• OSHA could issue citations under the General Duty Clause since few if any specific safety or health standards apply to hazards routinely affecting NFL players.
  • OSHA could establish a special emphasis program under which it could inspect some or all NFL workplaces for General Duty Clause violations as well as violations of specific standards.
  • OSHA could issue regulations for the NFL in one of six ways: negotiated rulemaking; via a petition from an interested party; as the result of a lawsuit; at the state OSHA level; by Congressional requirement; or create a standard specific to either a particular injury (ex. head trauma) or one affecting various hazards found only in the NFL.

The paper says it’s most likely player health issues will continue to be addressed via collective bargaining agreement negotiations between the teams and players, with or without OSHA’s involvement.

At the same time, the authors point out the wide variety of ways for OSHA to intervene without formally regulating the NFL.

Do you think OSHA should be involved in ensuring the safety and health of NFL players? Let us know what you think in the comments.

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Comments

  1. Charles says:

    OSHA needs to stay out of sports. and Movie making.

    • savannah says:

      Why are employees in those industries not entitled to a safe work environment like everyone else?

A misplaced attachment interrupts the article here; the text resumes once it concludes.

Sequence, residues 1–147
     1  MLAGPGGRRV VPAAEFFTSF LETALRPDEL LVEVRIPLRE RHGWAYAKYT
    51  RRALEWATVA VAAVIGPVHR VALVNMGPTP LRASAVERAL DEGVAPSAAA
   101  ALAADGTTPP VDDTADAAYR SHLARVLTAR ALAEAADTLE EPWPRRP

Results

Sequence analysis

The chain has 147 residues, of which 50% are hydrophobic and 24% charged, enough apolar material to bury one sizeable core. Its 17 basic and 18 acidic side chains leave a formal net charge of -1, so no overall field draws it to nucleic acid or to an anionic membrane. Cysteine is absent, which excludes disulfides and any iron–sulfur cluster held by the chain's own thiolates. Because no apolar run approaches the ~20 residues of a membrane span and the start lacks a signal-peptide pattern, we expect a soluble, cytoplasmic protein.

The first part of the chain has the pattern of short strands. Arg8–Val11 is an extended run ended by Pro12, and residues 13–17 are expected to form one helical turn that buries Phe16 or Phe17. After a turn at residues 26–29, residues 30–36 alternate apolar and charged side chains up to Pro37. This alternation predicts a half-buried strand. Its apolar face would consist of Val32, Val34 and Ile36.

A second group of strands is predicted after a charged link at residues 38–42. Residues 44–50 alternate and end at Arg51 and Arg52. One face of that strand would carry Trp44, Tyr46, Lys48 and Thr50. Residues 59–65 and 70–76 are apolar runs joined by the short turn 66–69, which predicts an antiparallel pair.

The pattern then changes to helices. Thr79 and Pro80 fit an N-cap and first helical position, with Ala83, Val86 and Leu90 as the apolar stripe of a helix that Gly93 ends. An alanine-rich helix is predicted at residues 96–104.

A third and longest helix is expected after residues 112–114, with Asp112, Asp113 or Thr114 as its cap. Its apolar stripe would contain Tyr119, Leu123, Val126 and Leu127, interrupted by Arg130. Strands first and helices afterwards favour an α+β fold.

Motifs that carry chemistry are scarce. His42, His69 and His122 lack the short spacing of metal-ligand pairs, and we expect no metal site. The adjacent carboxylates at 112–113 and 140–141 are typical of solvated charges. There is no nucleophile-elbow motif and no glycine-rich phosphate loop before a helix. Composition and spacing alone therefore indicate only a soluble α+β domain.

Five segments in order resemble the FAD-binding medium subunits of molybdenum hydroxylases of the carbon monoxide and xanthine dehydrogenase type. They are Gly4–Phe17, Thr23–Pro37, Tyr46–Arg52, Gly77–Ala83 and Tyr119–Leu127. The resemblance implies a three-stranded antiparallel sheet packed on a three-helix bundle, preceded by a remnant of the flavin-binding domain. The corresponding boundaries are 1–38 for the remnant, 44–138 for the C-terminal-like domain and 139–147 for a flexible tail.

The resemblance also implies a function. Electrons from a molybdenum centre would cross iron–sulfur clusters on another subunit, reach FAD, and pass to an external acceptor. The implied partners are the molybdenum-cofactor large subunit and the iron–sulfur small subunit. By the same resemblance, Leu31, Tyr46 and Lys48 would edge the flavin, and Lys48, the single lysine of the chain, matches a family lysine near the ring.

“Worker Protection is the Law of the Land – You have the right to a safe workplace. The Occupational Safety and Health Act of 1970 (OSH Act) was passed to prevent workers from being killed or otherwise harmed at work. The law requires employers to provide their employees with working conditions that are free of known dangers. The OSH Act created the Occupational Safety and Health Administration (OSHA), which sets and enforces protective workplace safety and health standards. OSHA also provides information, training and assistance to employers and workers.”

  2. ramcconn says:

    Players should be tested like independent contractors with the teams having contractors employee safety programs. The individual teams should be subjected to OSHA regulations for the safety of non player employees (staff) who work At the offices and stadiums controlled by the teams